On 4/11/2011, the patient presented to the gynecologist for a follow-up.  The gynecologist went over the results from the ultrasound and discussed possible treatment options.  The gynecologist did not recommend or perform an endometrial biopsy to determine the reason for endometrial thickening or repeat the ultrasound to watch this condition.  The gynecologist did not consider or document that the irregular bleeding could be caused by endometrial thickening, endometrial hyperplasia, or endometrial polyp.  She did not recommend a dilation and curettage.  At the conclusion of this visit, a decision was made for the patient to undergo a hysterectomy, which was scheduled to occur on 6/27/2011.  The patient indicated that she wanted a bilateral salpingo-oophorectomy, but the gynecologist advised her to leave in the ovaries.

On 6/24/2011, the patient presented to the gynecologist for a preoperative evaluation.  The gynecologist offered the patient medical and surgical options and the patient chose a hysterectomy.  The gynecologist explained various surgical options, including risk factors and complications.  During the physical examination of the patient, the gynecologist noted the patient’s uterus was bulky and that it did not descend well.  The gynecologist did not document any observable vaginal bleeding or any pelvic pain with palpation of the pelvic organs.  At the conclusion of this visit, the gynecologist had formed a surgical plan to include a total vaginal hysterectomy and depending on whether the uterus was mobile in the operation room, possible laparoscopic assisted vaginal hysterectomy, possible exploratory laparotomy, and possible cystoscopy.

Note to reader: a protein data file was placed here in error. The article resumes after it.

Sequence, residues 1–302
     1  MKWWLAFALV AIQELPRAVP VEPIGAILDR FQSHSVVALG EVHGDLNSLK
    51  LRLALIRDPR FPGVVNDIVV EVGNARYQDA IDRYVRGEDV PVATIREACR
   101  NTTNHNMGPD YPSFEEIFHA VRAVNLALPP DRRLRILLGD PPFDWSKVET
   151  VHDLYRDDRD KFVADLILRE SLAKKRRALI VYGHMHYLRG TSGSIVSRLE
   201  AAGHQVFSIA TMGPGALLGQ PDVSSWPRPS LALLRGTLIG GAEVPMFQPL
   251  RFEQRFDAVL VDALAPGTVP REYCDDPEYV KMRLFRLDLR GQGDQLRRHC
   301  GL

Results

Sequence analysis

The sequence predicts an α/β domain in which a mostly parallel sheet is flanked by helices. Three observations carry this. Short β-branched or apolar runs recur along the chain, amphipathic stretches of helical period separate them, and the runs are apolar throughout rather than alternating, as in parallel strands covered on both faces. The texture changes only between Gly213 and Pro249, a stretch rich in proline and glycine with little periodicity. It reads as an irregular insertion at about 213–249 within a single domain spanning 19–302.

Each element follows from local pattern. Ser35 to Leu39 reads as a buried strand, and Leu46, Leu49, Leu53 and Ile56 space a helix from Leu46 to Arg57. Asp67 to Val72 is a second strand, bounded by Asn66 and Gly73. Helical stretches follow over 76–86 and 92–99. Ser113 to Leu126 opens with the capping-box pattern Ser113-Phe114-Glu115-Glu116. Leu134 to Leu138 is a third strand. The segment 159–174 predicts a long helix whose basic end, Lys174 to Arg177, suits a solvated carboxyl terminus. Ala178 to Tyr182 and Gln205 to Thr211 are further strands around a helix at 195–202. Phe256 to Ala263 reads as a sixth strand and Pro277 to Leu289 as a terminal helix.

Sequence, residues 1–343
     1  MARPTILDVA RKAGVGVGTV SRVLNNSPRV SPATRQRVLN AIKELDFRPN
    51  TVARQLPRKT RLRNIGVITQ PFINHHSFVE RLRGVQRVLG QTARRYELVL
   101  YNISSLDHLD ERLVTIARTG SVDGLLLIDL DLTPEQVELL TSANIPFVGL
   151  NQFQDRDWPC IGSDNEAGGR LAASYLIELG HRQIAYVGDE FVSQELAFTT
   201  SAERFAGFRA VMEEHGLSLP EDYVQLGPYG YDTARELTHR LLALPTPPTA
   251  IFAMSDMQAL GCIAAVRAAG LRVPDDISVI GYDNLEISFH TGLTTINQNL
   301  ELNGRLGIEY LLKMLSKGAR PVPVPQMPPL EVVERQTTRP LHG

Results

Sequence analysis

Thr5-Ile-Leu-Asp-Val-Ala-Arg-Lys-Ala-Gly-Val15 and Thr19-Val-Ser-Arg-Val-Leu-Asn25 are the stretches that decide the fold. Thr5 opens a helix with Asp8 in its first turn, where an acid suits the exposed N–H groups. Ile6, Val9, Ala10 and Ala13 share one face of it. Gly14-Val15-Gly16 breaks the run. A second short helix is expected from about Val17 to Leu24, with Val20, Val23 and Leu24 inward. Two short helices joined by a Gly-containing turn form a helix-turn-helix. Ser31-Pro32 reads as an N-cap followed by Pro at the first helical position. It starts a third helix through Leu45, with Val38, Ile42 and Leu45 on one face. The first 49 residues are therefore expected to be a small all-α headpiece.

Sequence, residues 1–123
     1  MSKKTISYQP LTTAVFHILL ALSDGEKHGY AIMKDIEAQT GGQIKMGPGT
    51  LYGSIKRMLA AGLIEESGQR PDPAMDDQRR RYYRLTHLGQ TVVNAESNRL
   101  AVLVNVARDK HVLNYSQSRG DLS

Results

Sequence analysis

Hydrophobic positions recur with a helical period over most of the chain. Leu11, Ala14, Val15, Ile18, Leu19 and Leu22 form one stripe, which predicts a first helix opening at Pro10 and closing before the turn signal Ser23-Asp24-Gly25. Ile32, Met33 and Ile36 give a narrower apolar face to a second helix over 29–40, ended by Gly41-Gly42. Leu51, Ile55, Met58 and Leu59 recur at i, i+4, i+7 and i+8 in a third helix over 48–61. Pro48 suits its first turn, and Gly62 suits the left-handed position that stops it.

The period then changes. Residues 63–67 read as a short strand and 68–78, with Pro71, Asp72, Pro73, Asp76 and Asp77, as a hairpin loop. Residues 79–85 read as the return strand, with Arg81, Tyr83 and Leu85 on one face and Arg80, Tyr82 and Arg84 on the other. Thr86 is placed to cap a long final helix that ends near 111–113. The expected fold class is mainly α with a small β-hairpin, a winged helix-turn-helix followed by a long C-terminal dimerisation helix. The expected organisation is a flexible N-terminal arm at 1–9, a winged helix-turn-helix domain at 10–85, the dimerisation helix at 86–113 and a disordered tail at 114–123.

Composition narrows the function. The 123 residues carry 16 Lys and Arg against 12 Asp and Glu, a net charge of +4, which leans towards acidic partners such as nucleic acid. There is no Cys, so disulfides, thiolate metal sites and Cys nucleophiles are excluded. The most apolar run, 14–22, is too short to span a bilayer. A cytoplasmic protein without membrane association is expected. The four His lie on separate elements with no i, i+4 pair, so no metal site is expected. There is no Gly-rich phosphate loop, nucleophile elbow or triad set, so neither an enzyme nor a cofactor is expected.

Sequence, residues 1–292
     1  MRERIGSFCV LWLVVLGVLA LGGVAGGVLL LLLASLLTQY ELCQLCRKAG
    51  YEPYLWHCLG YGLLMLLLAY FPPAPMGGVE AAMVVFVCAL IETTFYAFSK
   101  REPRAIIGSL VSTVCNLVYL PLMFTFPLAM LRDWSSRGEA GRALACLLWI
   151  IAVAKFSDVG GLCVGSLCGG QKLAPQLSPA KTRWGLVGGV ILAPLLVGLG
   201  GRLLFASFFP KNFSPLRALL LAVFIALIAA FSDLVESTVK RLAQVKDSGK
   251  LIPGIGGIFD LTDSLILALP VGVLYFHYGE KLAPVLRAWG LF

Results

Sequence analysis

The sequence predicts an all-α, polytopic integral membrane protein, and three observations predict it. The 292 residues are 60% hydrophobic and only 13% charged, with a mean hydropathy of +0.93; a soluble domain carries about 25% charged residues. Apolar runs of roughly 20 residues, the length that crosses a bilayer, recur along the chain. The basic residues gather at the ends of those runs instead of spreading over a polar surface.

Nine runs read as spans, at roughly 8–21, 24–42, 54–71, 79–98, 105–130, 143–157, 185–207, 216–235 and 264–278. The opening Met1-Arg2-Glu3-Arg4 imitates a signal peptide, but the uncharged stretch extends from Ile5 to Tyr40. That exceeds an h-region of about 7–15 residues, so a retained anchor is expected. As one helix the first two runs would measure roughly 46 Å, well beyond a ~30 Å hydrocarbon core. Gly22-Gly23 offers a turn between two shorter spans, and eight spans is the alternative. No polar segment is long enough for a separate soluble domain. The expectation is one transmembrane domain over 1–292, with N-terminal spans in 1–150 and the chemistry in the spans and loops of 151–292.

On 6/27/2011, the gynecologist performed a laparoscopic assisted vaginal hysterectomy, bilateral salpingo-oophorectomy, cystoscopy, and lysis of adhesions on the patient.  The medical records do not document a specific clinical reason for this choice in surgical technique versus a laparotomy approach.

During the surgery, the gynecologist encountered a web of filmy adhesions that were abundant along the back of both ovaries and continued along the back of the uterus.  The adhesions connected the bowel to the uterus and ovaries.

There were also adhesions from the ovaries to the side walls.  The gynecologist considered converting to an open procedure but opted to continue with laparoscopic dissection.  After dissection of all of the adhesions, the gynecologist obtained a general surgery consultation as a precaution to review the small bowel, which had been adherent, especially near the right ovary.  After observation through the monitor only, neither the surgeon nor the gynecologist noted any bowel injuries.

The gynecologist then proceeded with the vaginal hysterectomy portion of the surgery, which progressed “a bit more difficult than average but not remarkably so.”

Upon completion of the vaginal portion of the surgery, the gynecologist returned to the abdominal cavity.  Upon doing so, she noted a slight oozing from the round ligament on the left, which she cauterized.  The gynecologist then irrigated the pelvis and looked for any bleeding or injury but found none.

Prior to closing, the gynecologist requested a urology consultation.  After cystoscopy and examination revealed no injury to the bladder or ureter, the gynecologist completed the procedure.  The gynecologist’s detailed operative report does not specifically document the difficulties or complexities she encountered during the over eight-hour operation.